Beenthere - Thursday, September 27, 2012 - linkYes some of us do know the results... Comparing Trintiy to Vishera is incorrect. Vishera is to be compared to Zambezi.
AMD has hit their projected 10-15% gains for Vishera compared to Zambezi. Some people already know the results but the NDA doesn't expire for a few weeks so they can't print them yet. Most folks will be happy with Vishera except the haters.
silverblue - Thursday, September 27, 2012 - linkI'd find it hard to believe you were personally under NDA (please prove me wrong). I also believe the gains were per clock, which should theoretically, given the assumption you stated, result in a slightly larger performance gap between the 8150 and the 8350 as the latter has a higher base clock and is more likely to hit max turbo speed.
Like I said though, two benchmarks in the public domain aren't gospel, regardless of whether we're comparing Vishera OR Trinity to Zambezi. Remember that L3 cache doesn't always help, but when it does, the gains can be significant, meaning the A10-5800K could occasionally be outperformed by a similarly clocked 41x0 CPU, but the flip side is that it could occasionally perform on par with a similarly clocked 43x0 CPU.
Death666Angel - Thursday, September 27, 2012 - link"AMD was a little late in getting to the CPU - GPU party. Their first endeavour, the Llano APU"
Aren't Zacate and Ontario APUs? They were released in 01/2011, half a year before Llano. Or aren't you counting low power APUs? :)
Thanks for the article!
Death666Angel - Thursday, September 27, 2012 - linkMea culpa, didn't read the comments before posting my own. :) Disregard.
EnzoFX - Thursday, September 27, 2012 - linkWhat's the big deal with 4k at THIS moment? There are no 4k tv's out are there? By the time they're out, or by the time they're actually affordable by a decent amount of consumers, we would have several generations of new apu's.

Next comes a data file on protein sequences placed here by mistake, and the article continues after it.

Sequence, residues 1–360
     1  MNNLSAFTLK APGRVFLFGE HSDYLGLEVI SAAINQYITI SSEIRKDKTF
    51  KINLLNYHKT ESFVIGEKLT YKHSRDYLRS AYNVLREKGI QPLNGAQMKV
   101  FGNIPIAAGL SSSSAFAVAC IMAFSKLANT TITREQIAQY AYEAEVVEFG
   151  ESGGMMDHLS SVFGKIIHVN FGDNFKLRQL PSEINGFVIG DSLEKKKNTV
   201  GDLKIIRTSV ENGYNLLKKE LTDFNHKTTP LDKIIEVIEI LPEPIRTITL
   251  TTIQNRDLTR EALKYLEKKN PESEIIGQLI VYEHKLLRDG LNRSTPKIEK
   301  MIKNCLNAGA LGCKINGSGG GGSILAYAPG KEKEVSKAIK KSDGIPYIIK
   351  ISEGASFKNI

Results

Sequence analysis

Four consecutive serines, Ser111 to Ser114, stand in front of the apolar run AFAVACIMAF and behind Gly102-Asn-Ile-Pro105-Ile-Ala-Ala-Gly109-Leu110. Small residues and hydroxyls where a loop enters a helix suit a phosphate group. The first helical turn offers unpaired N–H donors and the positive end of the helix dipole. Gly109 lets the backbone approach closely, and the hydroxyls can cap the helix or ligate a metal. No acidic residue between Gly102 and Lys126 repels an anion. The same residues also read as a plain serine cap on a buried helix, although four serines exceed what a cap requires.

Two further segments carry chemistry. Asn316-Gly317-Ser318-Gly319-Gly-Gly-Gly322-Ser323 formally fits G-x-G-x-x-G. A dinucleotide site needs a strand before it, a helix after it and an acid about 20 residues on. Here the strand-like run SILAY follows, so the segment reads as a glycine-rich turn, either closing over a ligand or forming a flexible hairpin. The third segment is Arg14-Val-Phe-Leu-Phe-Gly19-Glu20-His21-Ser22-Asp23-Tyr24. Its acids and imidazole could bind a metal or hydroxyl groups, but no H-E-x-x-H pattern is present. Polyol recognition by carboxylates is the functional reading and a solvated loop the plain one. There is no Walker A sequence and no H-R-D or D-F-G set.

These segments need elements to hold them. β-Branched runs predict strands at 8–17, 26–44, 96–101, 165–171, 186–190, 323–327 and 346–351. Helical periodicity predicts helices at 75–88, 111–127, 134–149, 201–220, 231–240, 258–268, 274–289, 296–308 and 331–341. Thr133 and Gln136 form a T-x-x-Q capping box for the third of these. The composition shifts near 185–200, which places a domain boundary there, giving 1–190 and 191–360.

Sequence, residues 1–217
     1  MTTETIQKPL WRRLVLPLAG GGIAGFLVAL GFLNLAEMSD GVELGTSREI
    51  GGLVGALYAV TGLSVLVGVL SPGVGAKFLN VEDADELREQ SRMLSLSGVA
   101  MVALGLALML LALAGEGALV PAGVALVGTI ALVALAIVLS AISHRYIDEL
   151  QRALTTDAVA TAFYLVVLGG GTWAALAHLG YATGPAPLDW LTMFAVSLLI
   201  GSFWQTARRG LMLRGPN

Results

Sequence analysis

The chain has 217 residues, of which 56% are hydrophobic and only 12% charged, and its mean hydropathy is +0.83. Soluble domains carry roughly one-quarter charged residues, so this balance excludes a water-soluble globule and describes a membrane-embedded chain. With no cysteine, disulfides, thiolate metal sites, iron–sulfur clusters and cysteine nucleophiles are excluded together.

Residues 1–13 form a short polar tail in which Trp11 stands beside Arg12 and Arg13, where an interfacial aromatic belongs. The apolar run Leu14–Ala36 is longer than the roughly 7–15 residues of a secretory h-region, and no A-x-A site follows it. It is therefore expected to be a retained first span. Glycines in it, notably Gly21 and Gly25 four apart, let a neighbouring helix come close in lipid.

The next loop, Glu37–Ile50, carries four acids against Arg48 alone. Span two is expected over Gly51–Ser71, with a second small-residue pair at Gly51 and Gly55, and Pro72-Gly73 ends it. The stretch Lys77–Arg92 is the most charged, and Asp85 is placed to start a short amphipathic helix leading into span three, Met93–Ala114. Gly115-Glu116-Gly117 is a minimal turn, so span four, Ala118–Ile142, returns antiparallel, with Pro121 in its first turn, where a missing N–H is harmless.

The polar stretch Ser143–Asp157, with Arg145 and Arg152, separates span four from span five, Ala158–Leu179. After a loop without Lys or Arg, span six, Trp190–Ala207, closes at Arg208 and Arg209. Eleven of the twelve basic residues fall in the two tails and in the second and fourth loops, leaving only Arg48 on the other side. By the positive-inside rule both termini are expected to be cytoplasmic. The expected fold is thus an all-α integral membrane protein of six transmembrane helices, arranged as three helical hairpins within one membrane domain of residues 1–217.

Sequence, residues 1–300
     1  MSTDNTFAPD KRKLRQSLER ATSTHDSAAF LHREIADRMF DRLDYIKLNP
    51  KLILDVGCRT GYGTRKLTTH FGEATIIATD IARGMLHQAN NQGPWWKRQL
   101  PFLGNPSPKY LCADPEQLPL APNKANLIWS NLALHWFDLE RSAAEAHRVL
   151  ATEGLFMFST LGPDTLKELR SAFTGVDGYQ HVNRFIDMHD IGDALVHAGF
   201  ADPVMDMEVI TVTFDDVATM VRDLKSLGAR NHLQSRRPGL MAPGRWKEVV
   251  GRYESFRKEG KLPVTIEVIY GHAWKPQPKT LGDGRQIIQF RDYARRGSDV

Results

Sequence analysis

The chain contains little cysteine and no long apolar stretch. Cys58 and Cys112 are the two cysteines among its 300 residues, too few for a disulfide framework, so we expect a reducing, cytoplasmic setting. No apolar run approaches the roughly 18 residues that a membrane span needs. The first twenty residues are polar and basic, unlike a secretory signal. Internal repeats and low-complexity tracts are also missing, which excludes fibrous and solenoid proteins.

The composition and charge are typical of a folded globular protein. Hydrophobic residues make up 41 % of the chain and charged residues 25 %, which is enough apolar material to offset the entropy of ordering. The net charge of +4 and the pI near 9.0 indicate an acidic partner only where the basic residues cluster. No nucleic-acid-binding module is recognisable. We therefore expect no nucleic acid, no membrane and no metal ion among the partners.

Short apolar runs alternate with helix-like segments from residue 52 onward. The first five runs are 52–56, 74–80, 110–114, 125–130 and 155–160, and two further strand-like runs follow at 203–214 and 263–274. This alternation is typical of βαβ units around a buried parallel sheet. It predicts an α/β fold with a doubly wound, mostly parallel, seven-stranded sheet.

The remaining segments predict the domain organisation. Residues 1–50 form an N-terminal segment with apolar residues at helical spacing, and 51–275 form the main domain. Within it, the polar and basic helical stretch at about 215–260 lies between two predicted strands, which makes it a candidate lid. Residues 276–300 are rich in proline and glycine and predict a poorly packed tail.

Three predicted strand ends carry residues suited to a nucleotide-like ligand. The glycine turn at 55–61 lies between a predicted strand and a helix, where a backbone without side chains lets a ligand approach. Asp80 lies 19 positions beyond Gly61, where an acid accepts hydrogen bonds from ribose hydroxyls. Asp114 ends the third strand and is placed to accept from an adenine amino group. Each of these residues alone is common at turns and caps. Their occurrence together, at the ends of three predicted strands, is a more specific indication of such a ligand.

Denithor - Tuesday, October 2, 2012 - linkhttp://www.lg.com/us/tvs/lg-84LM9600-led-tv
Allio - Thursday, September 27, 2012 - linkThese HTPC-perspective articles are consistently some of the most useful and interesting content that AT puts up. As far as I can tell, there really aren't any other tech sites that delve this deep into this kind of functionality - most reviews settle for playing a 1080p Bluray and posting a screenshot of the CPU usage in task manager. While it may only be a relatively small audience for who this stuff is relevant, we are a very interested audience, and I personally appreciate every detail and statistic included. Thanks Ganesh!
wharris1 - Thursday, September 27, 2012 - linkAt this point, it seems 4k is more marketing hype. I'll link this article: http://reviews.cnet.com/8301-33199_7-57491766-221/...
For the typical anandtech readers (probably much more technically gifted than me) I also recall reading a similar article/post on avsforums explaining that for any display size <~100 inches, the 4k standard is hard to justify. Also, while I know that future proofing is sound, there is very little content or ability to play back said content at that resolution. As a previous poster mentioned, by the time 4k becomes a standard, the current platforms will seem antiquated. Anyway, Anandtech is the best tech site around by far; read it every morning.